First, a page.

By Sarah Ooko, World Vision Senior Communications Officer, Kenya
The early morning sun casts its orange glow on buildings and vegetation in Loice's home at Elgeyo Marakwet County, Kenya.
The chirping sounds of crickets, which were prominent in the night, have been replaced by the melodious tunes of singing birds.
Plants and animals are slowly coming to life. On the ground, worms can be seen wiggling from the soil, even as grasshoppers jump on different strands of grass that are still glistening with the morning dew.
Loice loves early mornings, when she feels that nature is at its best, soothing her soul and making her psyched up for the day's activities.
Aside from these visual, sensory and emotional benefits, Loice is also glad that nature has given her the gift of a special porridge that is a favourite for her two-year-old daughter Sheryl.
The porridge is made from millet flour, fortified with insects that Loice has been accustomed to seeing in nature. They include crickets, grasshoppers and mealworms.
"My baby was never good with porridge but she really loves this one. In fact, after drinking this fortified porridge, she doesn’t want to try the others. And she's always asking for more," says Loice.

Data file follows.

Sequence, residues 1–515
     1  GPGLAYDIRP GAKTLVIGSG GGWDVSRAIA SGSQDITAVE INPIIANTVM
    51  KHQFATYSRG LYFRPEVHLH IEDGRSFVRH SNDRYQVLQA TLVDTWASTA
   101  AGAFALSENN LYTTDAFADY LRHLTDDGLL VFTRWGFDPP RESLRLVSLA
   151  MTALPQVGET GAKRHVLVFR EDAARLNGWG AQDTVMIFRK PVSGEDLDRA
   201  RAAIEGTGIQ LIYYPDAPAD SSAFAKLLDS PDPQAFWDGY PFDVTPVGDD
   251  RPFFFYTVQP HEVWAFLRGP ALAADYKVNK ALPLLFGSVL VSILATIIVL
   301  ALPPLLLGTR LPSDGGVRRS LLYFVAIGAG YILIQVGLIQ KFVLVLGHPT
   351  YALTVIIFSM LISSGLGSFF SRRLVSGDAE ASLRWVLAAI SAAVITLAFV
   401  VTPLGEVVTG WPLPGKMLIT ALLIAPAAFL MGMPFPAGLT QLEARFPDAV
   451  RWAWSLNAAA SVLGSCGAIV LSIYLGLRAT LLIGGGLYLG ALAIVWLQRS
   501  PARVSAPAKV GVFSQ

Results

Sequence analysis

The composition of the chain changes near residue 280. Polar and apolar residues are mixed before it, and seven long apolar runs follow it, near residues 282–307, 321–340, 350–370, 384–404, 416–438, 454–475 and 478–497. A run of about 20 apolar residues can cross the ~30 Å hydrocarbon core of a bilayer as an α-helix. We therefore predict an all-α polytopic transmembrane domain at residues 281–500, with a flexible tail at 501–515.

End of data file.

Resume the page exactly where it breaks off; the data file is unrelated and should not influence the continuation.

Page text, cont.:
Baby Sheryl's love for the beverage is obvious. Her eyes light up when she sees her feeding cup. Then she smiles with contentment while indulging in her favourite beverage.
"With other foods, I have to chase Sheryl around to make her eat. But with the fortified porridge, she usually drinks non-stop until the end," says Loice.
She notes that her daughter's body weight had been low for months. It however increased rapidly after the child was introduced to the fortified porridge.
"The change happened so fast, in just about two weeks. This was a surprise but it made me happy as I was really worried about my baby's weight and health,” she says.
Baby Sheryl is among the many beneficiaries of the Edible Insects initiative, which is being rolled out by World Vision in partnership with the County Government of Elgeyo Marakwet and the Jomo Kenyatta University of Agriculture and Technology (JKUAT) in Kenya.
The initiative is supported by World Vision's Enhancing Nutrition Services to Improve Maternal and Child Health (ENRICH) programme, which is funded by Global Affairs Canada.
It seeks to increase awareness on the nutritional value of edible insects so as to promote their acceptability and uptake by communities in Elgeyo Marakwet County, Kenya.
This is helping to address malnutrition challenges in the County, resulting from the insufficient consumption of protein among children.
Malnutrition poses a major threat to the well-being of children. According to the World Health Organisation (WHO), close to half (45 percent) of all deaths among children below five years are linked to the condition.
Yet, in Elgeyo Marakwet County, 30 percent of children under five years old suffer from chronic or long-term malnutrition (stunting). This is way above Kenya's national average of 26 percent. In addition, about 18 percent of children are underweight while five percent are wasted.